Review: 'The Wandering Earth II' is rooted in Chinese culture, a story about unity
Published: Jan 23, 2023 06:49 PM
Posters of the Chinese science fiction film The Wandering Earth 2. Photo: VCG

Posters of the Chinese science fiction film The Wandering Earth 2. Photo: VCG

A crisis is in the air: The sun has become unstable and within 100 years, it will expand to consume the Earth. Within 300 years, the entire solar system will be gone. People are hesitating between the Moving Mountain Project, an alternative aimed at moving Earth away from the solar system and preserving human consciousness on computers through the Digital Life Project.

Being told that 90 percent of the American people support Digital Life Project, Chinese diplomat Zhou Zhezhi showed a photo to American diplomat, Mike, a photo of Earth taken in 1990 by NASA's Voyager-1 at a distance of 6 billion kilometers from the Sun. 

"It is our home, our planet," said Zhou, reminding me who sat at a downtown cinema in Beijing for The Wandering Earth II inspired by Chinese writer Liu Cixin's novel on the very first day of the Chinese New Year of the scientist Carl Sagan's book Pale Blue Dot: A Vision of the Human Future in Space, in which he wrote: "Look again at that dot. That's here. That's home. That's us."

From The Wandering Earth four years ago to this year's prequel, director Guo Fan always hopes his audience remember that because of nostalgia for the homeland and hometown, we don't escape from Earth in a spaceship when facing such a crisis, but choose to wander with the planet. 

It is even more important to boost the story narrative by digging out the inner world of the characters, expressing their importance to family and longing for their loved ones, which is deeply rooted in Chinese culture.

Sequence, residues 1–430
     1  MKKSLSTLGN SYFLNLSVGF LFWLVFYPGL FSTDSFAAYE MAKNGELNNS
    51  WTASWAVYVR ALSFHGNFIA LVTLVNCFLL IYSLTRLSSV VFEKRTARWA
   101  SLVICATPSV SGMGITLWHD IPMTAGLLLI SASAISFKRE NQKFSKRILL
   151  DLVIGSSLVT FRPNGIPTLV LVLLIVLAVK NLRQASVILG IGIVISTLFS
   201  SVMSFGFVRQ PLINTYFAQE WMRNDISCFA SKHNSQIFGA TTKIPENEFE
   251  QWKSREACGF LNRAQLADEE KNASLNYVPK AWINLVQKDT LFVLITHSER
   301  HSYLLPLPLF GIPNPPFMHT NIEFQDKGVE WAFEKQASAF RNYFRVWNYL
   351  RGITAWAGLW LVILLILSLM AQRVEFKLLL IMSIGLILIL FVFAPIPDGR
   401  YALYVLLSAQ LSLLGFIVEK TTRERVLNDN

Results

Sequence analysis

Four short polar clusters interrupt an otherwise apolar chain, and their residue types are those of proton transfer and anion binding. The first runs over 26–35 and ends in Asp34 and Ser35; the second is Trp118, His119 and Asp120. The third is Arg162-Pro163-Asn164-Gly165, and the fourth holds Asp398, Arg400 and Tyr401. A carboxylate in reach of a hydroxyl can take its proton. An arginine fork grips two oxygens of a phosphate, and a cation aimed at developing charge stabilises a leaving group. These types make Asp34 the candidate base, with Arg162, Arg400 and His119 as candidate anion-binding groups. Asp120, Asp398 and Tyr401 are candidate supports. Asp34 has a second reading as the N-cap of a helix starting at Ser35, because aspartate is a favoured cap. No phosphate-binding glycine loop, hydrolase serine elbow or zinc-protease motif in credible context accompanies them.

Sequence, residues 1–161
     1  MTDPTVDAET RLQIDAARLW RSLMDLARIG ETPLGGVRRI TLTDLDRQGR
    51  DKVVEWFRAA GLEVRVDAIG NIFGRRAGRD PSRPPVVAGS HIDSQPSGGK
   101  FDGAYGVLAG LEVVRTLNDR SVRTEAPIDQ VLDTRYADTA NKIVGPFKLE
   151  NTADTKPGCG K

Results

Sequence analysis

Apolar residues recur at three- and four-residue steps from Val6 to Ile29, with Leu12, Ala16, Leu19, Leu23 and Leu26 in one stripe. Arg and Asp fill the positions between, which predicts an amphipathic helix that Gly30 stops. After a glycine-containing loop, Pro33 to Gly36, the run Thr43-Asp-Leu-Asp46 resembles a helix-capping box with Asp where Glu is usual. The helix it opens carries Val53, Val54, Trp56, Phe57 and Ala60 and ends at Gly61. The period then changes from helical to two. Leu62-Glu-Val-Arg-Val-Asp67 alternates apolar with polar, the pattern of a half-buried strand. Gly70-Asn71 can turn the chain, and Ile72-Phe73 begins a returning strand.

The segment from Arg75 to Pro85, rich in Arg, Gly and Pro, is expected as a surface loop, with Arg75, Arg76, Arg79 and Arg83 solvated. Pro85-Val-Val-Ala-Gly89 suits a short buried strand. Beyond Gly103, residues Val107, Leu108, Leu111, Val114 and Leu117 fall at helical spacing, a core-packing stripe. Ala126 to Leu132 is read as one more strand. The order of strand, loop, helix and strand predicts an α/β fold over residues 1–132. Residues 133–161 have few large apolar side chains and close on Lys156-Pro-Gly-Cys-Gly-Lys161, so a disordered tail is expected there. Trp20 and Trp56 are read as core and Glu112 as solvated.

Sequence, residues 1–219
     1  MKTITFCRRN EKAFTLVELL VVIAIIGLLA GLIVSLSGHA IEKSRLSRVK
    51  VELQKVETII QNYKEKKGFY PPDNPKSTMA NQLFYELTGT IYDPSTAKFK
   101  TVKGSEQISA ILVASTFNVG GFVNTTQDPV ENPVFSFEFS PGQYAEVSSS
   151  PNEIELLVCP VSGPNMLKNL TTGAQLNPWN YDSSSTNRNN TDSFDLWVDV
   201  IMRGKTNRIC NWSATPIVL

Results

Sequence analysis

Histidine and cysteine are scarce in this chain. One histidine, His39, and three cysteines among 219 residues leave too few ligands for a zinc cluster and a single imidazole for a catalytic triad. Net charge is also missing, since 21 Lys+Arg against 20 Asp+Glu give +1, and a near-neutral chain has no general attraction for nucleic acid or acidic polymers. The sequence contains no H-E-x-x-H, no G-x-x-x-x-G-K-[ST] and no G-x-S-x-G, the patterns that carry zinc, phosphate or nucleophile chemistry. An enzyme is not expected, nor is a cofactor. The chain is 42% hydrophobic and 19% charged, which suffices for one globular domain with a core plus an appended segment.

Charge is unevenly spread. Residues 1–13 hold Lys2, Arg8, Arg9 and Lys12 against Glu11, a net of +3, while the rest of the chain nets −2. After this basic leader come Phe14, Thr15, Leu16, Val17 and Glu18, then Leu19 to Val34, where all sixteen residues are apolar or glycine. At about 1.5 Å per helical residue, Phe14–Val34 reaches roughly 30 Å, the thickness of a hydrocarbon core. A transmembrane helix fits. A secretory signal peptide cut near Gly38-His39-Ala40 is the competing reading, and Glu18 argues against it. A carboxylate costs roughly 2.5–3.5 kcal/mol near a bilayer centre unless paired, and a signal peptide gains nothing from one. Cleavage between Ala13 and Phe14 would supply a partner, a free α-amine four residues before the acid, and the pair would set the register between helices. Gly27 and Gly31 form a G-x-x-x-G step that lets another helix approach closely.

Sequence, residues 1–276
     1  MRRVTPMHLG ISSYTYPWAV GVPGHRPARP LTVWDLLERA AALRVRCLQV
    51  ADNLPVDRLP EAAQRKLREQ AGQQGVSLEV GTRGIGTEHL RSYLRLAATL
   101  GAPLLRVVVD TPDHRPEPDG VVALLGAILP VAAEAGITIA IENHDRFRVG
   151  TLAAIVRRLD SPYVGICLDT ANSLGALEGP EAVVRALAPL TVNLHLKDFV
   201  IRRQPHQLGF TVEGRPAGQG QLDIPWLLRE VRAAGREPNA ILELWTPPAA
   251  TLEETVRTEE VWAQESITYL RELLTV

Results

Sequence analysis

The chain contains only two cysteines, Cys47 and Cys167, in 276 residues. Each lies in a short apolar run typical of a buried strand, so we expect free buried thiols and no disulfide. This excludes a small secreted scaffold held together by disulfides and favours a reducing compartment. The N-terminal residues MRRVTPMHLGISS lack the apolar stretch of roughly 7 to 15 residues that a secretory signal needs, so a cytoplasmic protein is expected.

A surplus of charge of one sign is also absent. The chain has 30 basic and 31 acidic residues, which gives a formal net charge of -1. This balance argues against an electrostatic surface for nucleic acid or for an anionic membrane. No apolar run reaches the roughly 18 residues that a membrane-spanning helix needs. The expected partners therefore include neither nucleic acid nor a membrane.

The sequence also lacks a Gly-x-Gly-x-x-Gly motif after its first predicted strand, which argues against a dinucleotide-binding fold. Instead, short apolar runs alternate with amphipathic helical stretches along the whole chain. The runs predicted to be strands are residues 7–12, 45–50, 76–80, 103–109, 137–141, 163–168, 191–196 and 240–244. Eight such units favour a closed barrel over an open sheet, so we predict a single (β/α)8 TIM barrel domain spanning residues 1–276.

In the movie, Chinese astronaut Liu Peiqiang (Wu Jing) remembers his wife and son as scientist Tu Hengyu (Andy Lau) shares his love for the dead daughter by uploading her personality into an experimental AI. Their stories always prove Zhou's word: "In times of crisis, unity above all. Remember the day that people's courage transcends the history."

It is even truer today after humanities' three-year war against the COVID-19 pandemic as only courage and unity can win over crisis, in science fiction or in reality. 
Ever since the outbreak of pandemic in early 2020, thousands of medical workers were deployed to combat the deadly virus without even sufficient personal protection equipment, as were volunteers and community workers. Their collective efforts are remembered in the movie as thousands of volunteers just like them scramble to the frontline to maintain the order and rescue the people when the lunar crisis approaches. All are wearing red vests with the eye-catching "CCP" written on the back. 

Unity is the spirit that flows through the blood of Chinese people, something that can be shared with the rest of the world and inspire more for the humanity's resilience.

In the movie, Zhou also delivers a powerful speech on unity. He pointed to a photo of a human femur from more than 10,000 years ago and said that it was a femur that healed after being broken. He was rescued...he was healed, he was fed, and, he survived, which is what civilization really means -- mutual help. Collectivism is the foundation of the human civilization. 
People are being moved to tears, myself included, at the scene when the astronauts from China, Russia, France, Singapore and Japan voluntarily detonate nuclear bombs by hand, to explode the moon in the hope of saving Earth. 

For the entertaining elements, The Wandering Earth II contains all big scenes like the drone swarm battles, space elevators, and nuclear explosions necessary to satisfy the cravings of action-hungry audiences. 

China's fast development and progress in space technology has provided fertile soil for the creation of science fiction films.

We have witnessed so many important moments like the Chang'e lunar mission and Tiangong Space Station in the past years and are expecting more scenes and even greater achievements featured in Chinese sci-fi movies, which allows sci-fi film creators to produce richer and more diverse works. 

It was nearly 11 pm when I walked out the cinema while many were still waiting outside for mid-night screenings. I inhaled the freezing but fresh Beijing air. The Earth is so beautiful and alive.